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Special Forces: What it's like to work for Tesla CEO Elon Musk
Posted on November 20, 2016 by Matt Pressman
To understand what it's like to work for Elon Musk, perhaps no one knows better than SpaceX's former head of talent acquisition, Dolly Singh, who would recruit candidates for Musk. Singh says that, "Diamonds are created under pressure, and Elon Musk is a master diamond maker... he knows you will exceed your own expectations if he keeps the heat on. It's purposeful, and it's brilliant."
Above: Tesla CEO Elon Musk is known to be detail-oriented (Flickr: Steve Jurvetson)
Singh explains that working at: "SpaceX is like Special Forces, we take on missions that others have deemed impossible." And, the same is true at Tesla Motors [NASDAQ: TSLA]. Autoblog interviewed Musk and he commented that: "the general understanding is that if you're at Tesla, you're choosing to be at the equivalent of Special Forces. There's the regular Army, and that's fine, but if you are working at Tesla, you're choosing to step up your game. And that has pluses and minuses. It's cool to be Special Forces, but... it's not for everyone."
Above: Elon Musk at SpaceX (Source: ABC News)
Hackaday* also gleaned unique insights into Musk's management style from Ashlee Vance’s biography Elon Musk – Tesla, SpaceX, and the Quest for a Fantastic Future. Musk has a reputation for setting hyper-aggressive timelines. When it comes to crunch time, according to one employee, “He will pick the most aggressive time schedule imaginable assuming everything goes right, and then accelerate it by assuming that everyone can work harder.”
Above: Elon Musk and the Tesla Model X (Image: Fresh Dialogues)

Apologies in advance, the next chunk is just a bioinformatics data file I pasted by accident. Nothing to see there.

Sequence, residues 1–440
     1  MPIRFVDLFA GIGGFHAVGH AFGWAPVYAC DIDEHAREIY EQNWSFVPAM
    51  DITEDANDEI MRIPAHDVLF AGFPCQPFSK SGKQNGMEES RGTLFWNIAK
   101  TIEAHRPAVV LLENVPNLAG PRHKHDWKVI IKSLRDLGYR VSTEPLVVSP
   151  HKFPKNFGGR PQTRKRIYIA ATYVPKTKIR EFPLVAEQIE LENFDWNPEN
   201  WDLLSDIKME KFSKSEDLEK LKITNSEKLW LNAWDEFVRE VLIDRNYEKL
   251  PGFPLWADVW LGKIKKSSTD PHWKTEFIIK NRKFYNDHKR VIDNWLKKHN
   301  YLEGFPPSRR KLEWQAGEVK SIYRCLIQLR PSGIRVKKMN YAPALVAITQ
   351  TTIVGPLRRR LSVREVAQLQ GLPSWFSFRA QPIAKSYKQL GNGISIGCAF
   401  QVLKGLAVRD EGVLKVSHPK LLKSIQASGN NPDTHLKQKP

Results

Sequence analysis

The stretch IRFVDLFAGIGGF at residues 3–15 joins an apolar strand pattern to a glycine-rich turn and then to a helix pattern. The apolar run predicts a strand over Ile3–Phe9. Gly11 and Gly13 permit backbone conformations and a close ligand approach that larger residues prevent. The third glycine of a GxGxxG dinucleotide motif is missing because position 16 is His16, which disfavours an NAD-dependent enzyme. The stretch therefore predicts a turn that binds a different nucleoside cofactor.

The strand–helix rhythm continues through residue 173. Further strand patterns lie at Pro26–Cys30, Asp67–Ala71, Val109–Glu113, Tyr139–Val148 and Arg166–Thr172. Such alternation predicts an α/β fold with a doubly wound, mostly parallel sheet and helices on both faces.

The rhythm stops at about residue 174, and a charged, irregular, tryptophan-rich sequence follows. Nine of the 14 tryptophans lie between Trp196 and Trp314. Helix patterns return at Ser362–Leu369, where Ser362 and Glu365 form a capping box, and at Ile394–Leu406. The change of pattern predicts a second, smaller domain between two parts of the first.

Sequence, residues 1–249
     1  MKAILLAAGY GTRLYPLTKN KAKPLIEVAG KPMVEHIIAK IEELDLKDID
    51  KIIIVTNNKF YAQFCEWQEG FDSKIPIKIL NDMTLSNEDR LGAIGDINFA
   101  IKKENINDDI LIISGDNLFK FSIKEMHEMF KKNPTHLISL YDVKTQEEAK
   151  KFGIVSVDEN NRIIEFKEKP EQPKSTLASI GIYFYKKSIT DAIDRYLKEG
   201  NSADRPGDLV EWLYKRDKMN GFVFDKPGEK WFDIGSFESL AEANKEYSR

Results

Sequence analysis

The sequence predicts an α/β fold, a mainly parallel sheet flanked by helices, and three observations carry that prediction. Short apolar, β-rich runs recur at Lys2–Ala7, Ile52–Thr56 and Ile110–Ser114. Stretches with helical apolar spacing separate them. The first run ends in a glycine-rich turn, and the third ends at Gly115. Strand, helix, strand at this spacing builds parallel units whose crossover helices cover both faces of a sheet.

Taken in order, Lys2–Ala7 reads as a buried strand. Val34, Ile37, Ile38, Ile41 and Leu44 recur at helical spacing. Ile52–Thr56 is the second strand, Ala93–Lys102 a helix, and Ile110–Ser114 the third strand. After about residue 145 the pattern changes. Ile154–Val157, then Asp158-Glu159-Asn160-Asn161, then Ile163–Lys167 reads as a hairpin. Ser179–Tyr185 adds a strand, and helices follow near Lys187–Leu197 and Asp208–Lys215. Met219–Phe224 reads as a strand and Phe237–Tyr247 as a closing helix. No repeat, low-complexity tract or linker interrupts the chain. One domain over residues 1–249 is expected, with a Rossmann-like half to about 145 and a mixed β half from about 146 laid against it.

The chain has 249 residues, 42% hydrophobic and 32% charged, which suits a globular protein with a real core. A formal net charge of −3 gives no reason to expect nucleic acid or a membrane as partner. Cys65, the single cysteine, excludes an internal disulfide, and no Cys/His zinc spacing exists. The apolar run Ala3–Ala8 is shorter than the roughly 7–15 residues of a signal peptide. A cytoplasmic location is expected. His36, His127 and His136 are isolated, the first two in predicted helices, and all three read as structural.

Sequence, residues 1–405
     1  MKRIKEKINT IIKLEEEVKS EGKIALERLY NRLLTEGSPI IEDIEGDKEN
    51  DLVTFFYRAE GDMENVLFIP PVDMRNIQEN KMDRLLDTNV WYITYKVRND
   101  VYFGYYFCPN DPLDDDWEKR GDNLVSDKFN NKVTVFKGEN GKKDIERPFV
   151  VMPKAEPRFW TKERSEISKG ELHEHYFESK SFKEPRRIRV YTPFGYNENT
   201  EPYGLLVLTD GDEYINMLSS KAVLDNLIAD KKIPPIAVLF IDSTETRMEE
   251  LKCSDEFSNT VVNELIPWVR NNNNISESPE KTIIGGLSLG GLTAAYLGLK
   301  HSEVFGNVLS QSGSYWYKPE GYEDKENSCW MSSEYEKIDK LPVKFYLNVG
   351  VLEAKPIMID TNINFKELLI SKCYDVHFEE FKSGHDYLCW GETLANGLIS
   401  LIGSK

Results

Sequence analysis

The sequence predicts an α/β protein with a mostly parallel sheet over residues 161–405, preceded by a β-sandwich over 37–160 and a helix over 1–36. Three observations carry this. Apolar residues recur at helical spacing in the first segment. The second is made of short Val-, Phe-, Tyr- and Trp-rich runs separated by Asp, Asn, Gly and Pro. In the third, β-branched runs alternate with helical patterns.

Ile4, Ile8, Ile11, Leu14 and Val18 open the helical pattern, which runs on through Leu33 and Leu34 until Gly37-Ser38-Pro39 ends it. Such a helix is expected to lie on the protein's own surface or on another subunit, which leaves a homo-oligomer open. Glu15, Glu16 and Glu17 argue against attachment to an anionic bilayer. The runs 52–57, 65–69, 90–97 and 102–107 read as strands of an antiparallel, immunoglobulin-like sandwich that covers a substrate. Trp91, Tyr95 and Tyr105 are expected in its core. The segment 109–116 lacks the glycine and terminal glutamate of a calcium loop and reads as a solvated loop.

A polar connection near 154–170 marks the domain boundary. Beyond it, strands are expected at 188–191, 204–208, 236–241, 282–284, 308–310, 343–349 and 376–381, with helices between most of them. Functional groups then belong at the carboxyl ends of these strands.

He's equally aggressive on finding cost-savings. Looking back on Tesla's early days, it's reported that, "when the Tesla Roadster was still under development and the cost was looking like it would be in the $200,000 range with the manufacturing costs being ambiguous and in need of lowering, Musk gave a speech saying, 'we would work on Saturdays and Sundays and sleep under desks until it got done.'"
Above: Elon Musk with a Tesla Roadster in the documentary film (Source: Revenge of the Electric Car)
Furthermore, "he was methodical in getting that cost down, too. In December the motor cost $6,500. Musk wanted it to cost $3,800 by April and costs were plotted and analyzed monthly. There was hell to pay if you fell behind... [and] during the 2007 and 2008 battle to get the Tesla Roadster costs down one employee stated about presentations, 'If you put a number on the projector that does not make sense, he will spot it. He doesn’t miss details.'"
Above: Tesla's first electric car, the Roadster (Image: Eichler Vision)
It's also reported that, "Musk gets some of his aura from his ability to absorb information with near-flawless recall, often pumped from his employees. He’d grill them about some component or material. One employee reported, 'I thought at first that he was challenging me to see if I knew my stuff. Then I realized he was trying to learn things. He would quiz you until he learned ninety percent of what you know.'"
Above: Elon Musk inside the Tesla Model S (Image: Motor Trend)
Others interviewed remarked that, "Musk doesn’t like it when an employee tells him something can’t be done for the cost he thinks it can be done for or on his schedule. If you’re in the way, he’ll take over the project and accomplish exactly what he said was possible, while also running his two companies." His old business partner, Peter Thiel, concluded after working closely together with Musk building Paypal that he's, "very smart, very charismatic, and incredibly driven—a very rare combination, since most people who have one of these traits learn to coast on the other two.” He also warned that he: "would never bet against Elon in anything."